Volume 14 Supplement 3
Trimethoprim sulfamethoxazole drug resistance with co resistance to extended spectrum β-lactam antibiotics among bacterial isolates from HIV patients
© Rameshkumar et al; licensee BioMed Central Ltd. 2014
Published: 27 May 2014
Trimethoprim-sulfamethoxazole (TMP-SMX) is a broad spectrum antimicrobial agent and also reduces the mortality among adults and children when used as prophylaxis against opportunistic infections in HIV infected patients. Drug resistant to TMP-SMX along with Extended spectrum β-lactamase (ESBL) production among Enterobacteriaceae is creating major therapeutic problem in clinical settings for treating the bacterial infections among HIV individuals.
TMP-SMX drug resistance among the isolates was identified using Kirby-Bauer disc diffusion method and ESBL production by combination disc method (CDM). Cefotaxime (30µg) and cefotaxime/clavulanic acid (30μg/10μg) discs were placed 20 mm apart on the agar surface. Similarly, the ceftazidime (30µg) and ceftazidime/clavulanic acid (30μg/10μg) discs were also placed. After incubating overnight at 37°C, a ≥ 5mm increase in the zone diameter was interpreted as positive for ESBL production. Statistical analysis was done using SPSS software version 15.0.
A total of 103(40 Escherichia coli, 15 Klebsiella pneumoniae, 13 Pseudomonas aeruginosa, 10 Klebsiella oxytoca, 8 Proteus mirabilis, 2 Proteus vulgaris, 11 Staphylococcus aureus, 3 Staphylococcus epidermidis and 1 Streptococcus sp.) bacterial strains were isolated from HIV patients. Among these 65(63.10%;p=0.008) isolates were resistance to TMP-SMX and only 40(38.83%;p=0.023) isolates were resistant to extended spectrum β-lactam antibiotics. Twenty nine ESBL producers from HIV patients were found to be co resistant to TMP-SMX. All ESBL producing isolates showed resistance to ceftazidime and also for ceftazidime/clavulanic acid combination.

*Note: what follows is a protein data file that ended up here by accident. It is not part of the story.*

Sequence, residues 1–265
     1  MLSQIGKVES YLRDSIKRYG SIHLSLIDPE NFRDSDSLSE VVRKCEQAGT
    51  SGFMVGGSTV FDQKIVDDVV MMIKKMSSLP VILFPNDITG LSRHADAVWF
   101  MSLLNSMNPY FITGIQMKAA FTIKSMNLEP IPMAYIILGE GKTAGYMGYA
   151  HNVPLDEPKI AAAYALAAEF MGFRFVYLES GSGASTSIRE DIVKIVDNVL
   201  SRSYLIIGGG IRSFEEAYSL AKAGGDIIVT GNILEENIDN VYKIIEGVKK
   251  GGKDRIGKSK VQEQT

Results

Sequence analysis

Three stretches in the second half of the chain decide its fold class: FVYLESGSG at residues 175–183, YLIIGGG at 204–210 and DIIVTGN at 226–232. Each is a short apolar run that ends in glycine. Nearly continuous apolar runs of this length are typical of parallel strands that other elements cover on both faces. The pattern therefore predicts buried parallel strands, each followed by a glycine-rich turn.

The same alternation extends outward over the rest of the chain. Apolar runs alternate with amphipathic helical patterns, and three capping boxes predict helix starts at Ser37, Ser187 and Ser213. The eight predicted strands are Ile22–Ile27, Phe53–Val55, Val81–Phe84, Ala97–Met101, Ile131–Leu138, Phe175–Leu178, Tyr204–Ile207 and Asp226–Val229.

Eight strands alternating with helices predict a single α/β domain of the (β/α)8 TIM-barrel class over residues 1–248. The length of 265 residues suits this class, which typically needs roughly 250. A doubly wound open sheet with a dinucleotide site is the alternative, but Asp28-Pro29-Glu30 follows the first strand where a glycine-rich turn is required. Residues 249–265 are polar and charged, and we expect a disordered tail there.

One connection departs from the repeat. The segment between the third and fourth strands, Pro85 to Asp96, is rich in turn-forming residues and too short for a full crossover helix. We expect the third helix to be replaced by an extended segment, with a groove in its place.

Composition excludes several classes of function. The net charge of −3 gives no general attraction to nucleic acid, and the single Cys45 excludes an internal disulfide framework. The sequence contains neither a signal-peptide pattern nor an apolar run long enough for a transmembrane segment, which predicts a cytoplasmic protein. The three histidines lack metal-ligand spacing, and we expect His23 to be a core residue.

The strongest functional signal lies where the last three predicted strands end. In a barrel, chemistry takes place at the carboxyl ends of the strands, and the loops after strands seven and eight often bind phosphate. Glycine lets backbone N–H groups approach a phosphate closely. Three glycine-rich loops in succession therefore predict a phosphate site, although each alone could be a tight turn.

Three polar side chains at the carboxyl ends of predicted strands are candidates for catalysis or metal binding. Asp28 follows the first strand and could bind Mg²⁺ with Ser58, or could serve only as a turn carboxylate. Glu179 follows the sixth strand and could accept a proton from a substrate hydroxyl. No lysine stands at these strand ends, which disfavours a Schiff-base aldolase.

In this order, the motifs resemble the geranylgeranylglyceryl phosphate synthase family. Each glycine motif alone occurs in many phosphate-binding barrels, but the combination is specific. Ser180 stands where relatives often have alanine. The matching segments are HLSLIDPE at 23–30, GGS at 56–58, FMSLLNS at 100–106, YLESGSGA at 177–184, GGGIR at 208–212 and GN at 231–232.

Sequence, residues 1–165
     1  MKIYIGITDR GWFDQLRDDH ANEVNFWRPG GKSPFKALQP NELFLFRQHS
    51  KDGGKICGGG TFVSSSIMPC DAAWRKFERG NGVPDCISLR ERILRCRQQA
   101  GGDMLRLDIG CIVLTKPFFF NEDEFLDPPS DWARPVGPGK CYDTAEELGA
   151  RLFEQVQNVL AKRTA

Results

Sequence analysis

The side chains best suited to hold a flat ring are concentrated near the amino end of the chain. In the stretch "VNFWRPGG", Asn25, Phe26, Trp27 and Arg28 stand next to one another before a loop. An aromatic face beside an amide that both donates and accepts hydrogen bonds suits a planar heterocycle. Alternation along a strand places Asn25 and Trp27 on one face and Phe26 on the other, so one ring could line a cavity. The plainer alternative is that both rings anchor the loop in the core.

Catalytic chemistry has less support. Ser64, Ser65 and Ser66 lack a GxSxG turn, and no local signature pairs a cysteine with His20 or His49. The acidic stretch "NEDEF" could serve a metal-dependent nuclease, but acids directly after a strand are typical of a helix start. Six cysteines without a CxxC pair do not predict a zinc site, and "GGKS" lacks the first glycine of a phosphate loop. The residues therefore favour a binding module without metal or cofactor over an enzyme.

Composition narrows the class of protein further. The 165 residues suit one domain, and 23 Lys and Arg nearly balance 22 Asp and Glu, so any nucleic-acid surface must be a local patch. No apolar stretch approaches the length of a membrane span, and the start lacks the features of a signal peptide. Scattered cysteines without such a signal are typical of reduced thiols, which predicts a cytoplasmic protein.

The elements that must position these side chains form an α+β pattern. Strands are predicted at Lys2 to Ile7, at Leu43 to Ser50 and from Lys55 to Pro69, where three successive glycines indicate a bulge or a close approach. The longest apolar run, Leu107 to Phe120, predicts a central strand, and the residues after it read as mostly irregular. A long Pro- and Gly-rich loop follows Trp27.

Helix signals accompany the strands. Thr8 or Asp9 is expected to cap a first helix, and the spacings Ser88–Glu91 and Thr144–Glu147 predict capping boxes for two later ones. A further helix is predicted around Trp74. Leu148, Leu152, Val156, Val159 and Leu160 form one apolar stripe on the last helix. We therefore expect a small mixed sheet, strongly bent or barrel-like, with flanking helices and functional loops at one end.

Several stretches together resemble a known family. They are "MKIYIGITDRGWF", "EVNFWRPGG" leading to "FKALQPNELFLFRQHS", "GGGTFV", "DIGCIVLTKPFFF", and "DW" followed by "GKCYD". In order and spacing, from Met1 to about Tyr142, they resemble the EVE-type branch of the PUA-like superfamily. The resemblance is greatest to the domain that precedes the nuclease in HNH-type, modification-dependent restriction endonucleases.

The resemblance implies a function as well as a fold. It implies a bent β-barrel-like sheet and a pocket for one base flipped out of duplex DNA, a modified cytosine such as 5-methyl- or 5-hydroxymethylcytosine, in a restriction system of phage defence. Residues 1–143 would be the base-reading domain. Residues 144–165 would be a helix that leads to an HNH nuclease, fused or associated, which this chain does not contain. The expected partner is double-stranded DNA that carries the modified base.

A rapid increase in the use of prophylactic TMP-SMX might be responsible for the TMP-SMX drug resistance among opportunistic bacterial infections in HIV patients.
This article is published under license to BioMed Central Ltd. This is an Open Access article distributed under the terms of the Creative Commons Attribution License (http://creativecommons.org/licenses/by/4.0), which permits unrestricted use, distribution, and reproduction in any medium, provided the original work is properly cited. The Creative Commons Public Domain Dedication waiver (http://creativecommons.org/publicdomain/zero/1.0/) applies to the data made available in this article, unless otherwise stated.